We didn’t anticipate this addition to our budget when we arrived but now eighteen months later we see how God is allowing us to contribute towards this community. Our first intention is sharing the Word and training people to use what God has given them to meet their needs. Part of that training is the next School of Sustainable Agriculture. Beginning this Friday, ten young Ugandan men will start their twenty-week journey towards stewarding the creation God has given us. Joining those young men will be one of the ladies from Jeri’s Bible study. She has a small plot just around the corner, speaks good English, and a desire to improve the life of her family. We are signing her up in faith that the funds will come for her tuition, just under $600, and know that this training will impact the entire community. If you didn’t get a chance to help with the chickens perhaps you can help Nora participate in this school.

Nora and two of her girls

Right after the school gets started Jeri heads back to America. She is scheduled to help a previous client birth another baby. What an exciting opportunity to bring another life into this world and eat In-N-Out hamburgers, we will miss her. The children continue their homeschool journey and build relationships with local friends, Zoe and Dora even joined a volleyball team. If you’d like to see Jeri while she is stateside message her on Facebook.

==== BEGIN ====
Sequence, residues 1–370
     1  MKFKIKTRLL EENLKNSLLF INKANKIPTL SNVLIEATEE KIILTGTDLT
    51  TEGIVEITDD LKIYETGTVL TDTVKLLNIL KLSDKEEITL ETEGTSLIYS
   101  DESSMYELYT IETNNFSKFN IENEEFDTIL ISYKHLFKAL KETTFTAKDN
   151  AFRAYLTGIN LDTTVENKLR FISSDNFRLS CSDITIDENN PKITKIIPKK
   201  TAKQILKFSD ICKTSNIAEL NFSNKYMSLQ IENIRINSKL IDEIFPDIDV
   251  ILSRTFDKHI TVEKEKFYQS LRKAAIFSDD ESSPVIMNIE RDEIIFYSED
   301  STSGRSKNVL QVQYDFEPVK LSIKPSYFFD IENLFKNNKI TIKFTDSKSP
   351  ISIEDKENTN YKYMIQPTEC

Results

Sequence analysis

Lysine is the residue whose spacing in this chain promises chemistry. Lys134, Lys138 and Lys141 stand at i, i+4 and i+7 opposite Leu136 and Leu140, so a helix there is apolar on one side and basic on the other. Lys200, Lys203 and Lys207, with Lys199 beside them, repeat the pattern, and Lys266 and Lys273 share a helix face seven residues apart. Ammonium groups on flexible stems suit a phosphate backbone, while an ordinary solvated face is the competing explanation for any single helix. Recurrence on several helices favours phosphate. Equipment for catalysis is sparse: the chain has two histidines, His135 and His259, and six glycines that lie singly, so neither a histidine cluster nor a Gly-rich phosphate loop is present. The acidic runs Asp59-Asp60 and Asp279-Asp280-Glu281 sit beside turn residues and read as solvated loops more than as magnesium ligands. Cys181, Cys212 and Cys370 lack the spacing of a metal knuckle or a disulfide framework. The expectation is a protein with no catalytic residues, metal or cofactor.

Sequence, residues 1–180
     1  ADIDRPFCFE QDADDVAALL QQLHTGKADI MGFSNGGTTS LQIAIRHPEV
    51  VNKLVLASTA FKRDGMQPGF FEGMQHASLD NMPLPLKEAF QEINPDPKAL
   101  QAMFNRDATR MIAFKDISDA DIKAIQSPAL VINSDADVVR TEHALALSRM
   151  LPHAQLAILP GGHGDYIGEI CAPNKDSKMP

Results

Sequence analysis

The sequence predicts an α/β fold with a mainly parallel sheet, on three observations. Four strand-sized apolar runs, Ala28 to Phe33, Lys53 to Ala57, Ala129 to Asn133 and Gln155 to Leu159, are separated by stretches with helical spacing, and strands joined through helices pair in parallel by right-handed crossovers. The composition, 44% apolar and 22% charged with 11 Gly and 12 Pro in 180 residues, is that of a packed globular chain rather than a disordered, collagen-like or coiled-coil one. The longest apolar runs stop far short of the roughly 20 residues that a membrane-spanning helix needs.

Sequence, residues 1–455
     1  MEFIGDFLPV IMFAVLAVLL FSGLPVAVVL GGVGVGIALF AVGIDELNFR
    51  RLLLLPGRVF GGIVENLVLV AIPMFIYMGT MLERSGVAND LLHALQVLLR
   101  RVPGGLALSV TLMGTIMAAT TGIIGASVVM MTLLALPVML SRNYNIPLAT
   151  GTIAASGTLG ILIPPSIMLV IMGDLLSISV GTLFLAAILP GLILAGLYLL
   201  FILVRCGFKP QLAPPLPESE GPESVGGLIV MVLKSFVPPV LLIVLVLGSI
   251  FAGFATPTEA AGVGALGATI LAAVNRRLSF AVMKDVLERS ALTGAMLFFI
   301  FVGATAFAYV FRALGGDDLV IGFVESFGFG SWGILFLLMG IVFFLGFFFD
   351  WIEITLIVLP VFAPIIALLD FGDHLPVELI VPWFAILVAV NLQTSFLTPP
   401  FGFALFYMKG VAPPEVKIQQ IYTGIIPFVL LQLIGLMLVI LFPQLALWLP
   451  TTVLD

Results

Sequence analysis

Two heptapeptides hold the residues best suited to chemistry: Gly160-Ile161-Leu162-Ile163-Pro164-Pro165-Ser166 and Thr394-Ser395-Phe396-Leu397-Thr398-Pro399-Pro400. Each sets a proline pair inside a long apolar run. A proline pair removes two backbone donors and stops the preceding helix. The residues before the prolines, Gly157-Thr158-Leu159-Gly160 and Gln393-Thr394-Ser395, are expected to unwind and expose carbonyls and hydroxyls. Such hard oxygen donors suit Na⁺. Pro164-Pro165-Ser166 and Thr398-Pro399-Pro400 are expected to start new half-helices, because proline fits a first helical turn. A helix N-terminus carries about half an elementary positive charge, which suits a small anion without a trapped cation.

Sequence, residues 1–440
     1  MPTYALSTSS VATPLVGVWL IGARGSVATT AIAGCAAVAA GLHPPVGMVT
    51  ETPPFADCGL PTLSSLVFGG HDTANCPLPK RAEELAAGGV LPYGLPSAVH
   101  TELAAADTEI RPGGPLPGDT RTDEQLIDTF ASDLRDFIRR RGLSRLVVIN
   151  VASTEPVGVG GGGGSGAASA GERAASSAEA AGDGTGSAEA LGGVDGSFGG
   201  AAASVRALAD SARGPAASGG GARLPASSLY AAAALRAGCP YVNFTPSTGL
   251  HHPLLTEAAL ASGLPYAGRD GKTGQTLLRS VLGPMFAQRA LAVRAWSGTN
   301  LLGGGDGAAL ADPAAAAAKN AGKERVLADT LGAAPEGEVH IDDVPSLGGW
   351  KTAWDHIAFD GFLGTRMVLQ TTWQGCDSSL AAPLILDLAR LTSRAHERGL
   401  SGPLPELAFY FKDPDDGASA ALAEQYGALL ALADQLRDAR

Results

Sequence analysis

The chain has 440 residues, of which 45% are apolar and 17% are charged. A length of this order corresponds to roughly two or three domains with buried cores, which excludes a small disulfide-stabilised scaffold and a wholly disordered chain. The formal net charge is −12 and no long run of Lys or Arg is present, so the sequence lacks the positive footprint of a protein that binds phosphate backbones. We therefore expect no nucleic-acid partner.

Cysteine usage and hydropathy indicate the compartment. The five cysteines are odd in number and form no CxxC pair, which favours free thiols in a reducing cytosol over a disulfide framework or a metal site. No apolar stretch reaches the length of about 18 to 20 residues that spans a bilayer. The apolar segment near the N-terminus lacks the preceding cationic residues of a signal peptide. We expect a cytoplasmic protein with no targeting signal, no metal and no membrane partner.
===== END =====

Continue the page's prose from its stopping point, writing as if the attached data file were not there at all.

We do what we do because of you. Thank you for your continued support.

Friday, November 6, 2015

November Update from the Clark Family in Africa





A Month of Thanks

Thanksgiving is the most American of holidays. Including our Canadian brethren to the north, a day set aside to be thankful is unique in this world. We try to explain Thanksgiving here and it just sounds like we are grateful for eating a lot of food; which isn't a bad explanation, 'cause what I wouldn't give for some Greenburg smoked turkey dipped in cranberry sauce. Last year we had the distraction of the Agriculture School to keep our focus off missing candied sweet potatoes with mini marshmallows. This year Dora's birthday will occupy our end of month festivities. She wanted to have a Hawaiian Luau, which would have been an indoor event in Texas, but here it's warm enough to make fresh flower leis.

We have much to be thankful for. Jeri comes back from a successful trip to Germany tomorrow. We purchased the car that many of you contributed towards. Except for the red head getting his weekly sunburn we have all been healthy this year. Yes, we miss family and friends. Yes, the fall chill and seasonal colors are Jeri's favorite part of the year. And yes, I miss my wife spending all day cooking my favorite meal of the year. But in perspective of where we live and why we are here we couldn't be more blessed. For all the things we miss we rely on you. So post your pictures of a full table of food. Take lots of selfies with loved ones. Update your status regularly as you wait for the turkey to roast. We live through those moments and are connected to you just as you are to us when you comment our posts.